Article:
Passing the advice baton

September 09,2008
Professor Mom
Aliki McElreath( )

Aliki is a writer and college English teacher. She lives in North Carolina with her husband, two children (ages seven and ten), a dog, a cat, a rabbit, and too many fish.

T. and I went to the library before picking up L. yesterday, and ended up with two armfuls of books--including one amazingly perfect picture book for L. (even though he's eight now, he's not beyond a good picture book). This one was Violet the Pilot--all about a gutsy, smart, and different girl who spends her time making airplanes out of junk. While I was checking out all the books, T. catapulted herself over and over again across one of the easy chairs in the lounge, and a nice motherly lady looked up from her newspaper to smile at T.

"How old is she?" the woman asked me.

"Four and a half," I told her, just as T. knocked a tray of bookmarks off the table, pulled the seat cushions off the chair, and began arranging them, fort-style, around herself. "Yes," I added, "four is an interesting age."

The woman found this hysterically funny because, as it turned out, she has a four-year-old, too. She knew exactly what I was talking about. Exactly. It's funny how you only have to mention one or two things to a parent of another four-year-old girl to elicit an instant bonding reaction. We shook our heads together and laughed about age four.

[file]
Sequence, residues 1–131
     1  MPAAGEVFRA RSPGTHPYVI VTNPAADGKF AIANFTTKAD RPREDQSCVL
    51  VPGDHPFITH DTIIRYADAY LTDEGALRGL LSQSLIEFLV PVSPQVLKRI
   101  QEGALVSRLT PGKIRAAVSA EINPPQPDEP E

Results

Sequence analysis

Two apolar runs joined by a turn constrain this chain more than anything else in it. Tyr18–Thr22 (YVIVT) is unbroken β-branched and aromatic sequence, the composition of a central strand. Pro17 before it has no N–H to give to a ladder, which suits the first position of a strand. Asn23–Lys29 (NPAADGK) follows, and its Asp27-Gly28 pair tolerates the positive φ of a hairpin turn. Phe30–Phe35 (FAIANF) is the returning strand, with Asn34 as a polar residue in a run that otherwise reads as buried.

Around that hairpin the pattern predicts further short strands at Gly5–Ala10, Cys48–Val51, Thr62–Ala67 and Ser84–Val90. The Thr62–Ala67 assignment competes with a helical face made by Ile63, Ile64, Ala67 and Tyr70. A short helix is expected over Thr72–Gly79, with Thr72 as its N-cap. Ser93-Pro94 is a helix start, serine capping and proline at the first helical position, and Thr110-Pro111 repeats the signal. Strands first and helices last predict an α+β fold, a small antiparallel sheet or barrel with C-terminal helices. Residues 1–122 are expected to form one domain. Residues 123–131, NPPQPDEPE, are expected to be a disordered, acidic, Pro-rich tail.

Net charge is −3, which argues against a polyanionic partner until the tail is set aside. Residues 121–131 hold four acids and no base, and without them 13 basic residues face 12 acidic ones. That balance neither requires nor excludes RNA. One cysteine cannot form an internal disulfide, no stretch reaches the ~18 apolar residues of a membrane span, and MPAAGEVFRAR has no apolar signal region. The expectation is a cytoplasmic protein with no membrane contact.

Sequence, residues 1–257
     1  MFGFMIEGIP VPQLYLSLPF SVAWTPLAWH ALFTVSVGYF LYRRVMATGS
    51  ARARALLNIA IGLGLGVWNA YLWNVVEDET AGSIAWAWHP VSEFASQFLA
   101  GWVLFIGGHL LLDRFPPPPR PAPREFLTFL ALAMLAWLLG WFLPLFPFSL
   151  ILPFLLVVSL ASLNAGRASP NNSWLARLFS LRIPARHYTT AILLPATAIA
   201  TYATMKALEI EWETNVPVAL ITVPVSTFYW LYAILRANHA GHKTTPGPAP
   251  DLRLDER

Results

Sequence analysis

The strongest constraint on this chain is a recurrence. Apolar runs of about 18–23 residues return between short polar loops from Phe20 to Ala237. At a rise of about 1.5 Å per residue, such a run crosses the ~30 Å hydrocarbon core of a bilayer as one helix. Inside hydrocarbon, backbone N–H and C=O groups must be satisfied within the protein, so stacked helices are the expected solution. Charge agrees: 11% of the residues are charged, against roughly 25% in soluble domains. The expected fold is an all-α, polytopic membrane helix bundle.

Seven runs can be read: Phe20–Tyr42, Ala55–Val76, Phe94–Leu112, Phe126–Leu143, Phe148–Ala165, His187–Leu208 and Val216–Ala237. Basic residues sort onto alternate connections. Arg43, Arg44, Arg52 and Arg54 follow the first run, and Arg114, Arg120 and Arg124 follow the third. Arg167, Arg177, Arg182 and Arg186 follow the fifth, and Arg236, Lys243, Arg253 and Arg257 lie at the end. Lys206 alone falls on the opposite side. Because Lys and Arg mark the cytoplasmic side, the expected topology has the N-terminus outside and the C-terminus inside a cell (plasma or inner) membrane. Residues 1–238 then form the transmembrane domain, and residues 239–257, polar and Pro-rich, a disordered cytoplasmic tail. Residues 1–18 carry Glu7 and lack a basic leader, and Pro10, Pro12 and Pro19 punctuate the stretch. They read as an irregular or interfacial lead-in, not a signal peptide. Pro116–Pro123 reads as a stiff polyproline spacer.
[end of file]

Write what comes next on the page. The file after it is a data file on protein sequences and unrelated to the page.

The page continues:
"Enjoy it, though," the woman told me. "I have a twelve-year-old who wants nothing to do with me now."

And that was a sobering thought, really--the idea that, come a few years, my bubbly and clingy and companionable T. (who wants to spend every minute of her time playing Maya the Dinosaur) might want nothing to do with me. I'm prepared for that, I suppose--we parents have to begin preparing ourselves for that day--steeling ourselves against rejection and I hate you's and slammed doors. Maybe in eight or ten years I'll watch another mom with her young daughter, or with a leggy eight-year-old son, and I'll hand her the same advice--carefully and gently, like a fragile baton passed from one woman to another: enjoy it while you can, don't wish the days away. I can't even count how many times a virtual stranger has smiled at me and told me to live in the moment. I think we parents really need the passing of the advice baton--words from others of the been there, done that variety. Parenting can be isolating and taxing, and sometimes we can feel alone in all the challenges, and need a friendly reminder that we aren't.

We left the library in the nick of time, really, because T. had become decidedly loud and delirious with tiredness (she's still getting used to four days/week of preschool), our arms filled with books, and T. skipping on ahead with T. is for Terrible (poor misunderstood Tyrannosaurus Rex) clutched under one arm. Four is good, and eight is, too--even if I can't always see all the goodness that's right under my nose. I hope I can enjoy all the other years ahead just as much, and that maybe time will slow down for a change, so I can dig my heels in and stay for just a little while.